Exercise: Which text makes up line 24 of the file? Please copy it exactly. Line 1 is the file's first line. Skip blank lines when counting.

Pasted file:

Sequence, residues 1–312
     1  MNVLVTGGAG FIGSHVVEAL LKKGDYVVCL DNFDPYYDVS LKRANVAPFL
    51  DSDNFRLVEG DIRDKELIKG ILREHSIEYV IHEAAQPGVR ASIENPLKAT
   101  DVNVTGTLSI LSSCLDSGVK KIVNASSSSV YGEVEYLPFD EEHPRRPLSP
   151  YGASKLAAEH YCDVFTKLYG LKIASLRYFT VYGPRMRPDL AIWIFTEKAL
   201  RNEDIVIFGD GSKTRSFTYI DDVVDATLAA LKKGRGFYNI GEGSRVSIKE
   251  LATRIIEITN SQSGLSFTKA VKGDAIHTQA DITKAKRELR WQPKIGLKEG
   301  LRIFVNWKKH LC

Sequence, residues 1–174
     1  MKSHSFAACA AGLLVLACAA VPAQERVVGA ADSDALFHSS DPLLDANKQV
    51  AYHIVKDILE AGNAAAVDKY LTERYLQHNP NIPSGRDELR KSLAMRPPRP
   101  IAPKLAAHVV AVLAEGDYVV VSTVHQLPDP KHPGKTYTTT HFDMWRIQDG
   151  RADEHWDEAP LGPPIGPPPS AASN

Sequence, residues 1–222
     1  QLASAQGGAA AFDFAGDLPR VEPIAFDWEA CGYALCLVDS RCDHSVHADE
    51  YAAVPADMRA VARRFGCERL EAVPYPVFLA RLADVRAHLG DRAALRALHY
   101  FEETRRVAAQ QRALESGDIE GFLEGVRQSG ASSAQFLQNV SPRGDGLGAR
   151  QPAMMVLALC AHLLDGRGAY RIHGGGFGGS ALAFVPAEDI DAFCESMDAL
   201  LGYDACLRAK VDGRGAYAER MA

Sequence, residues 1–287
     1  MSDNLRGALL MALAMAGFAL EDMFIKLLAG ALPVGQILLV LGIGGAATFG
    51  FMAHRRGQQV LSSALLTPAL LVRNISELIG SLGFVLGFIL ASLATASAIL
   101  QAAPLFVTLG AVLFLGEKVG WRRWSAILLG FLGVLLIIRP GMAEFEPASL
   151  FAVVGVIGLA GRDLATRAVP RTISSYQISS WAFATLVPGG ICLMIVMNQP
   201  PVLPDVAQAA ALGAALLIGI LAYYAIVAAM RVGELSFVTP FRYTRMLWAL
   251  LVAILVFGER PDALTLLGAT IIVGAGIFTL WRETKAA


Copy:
   151  FAVVGVIGLA GRDLATRAVP RTISSYQISS WAFATLVPGG ICLMIVMNQP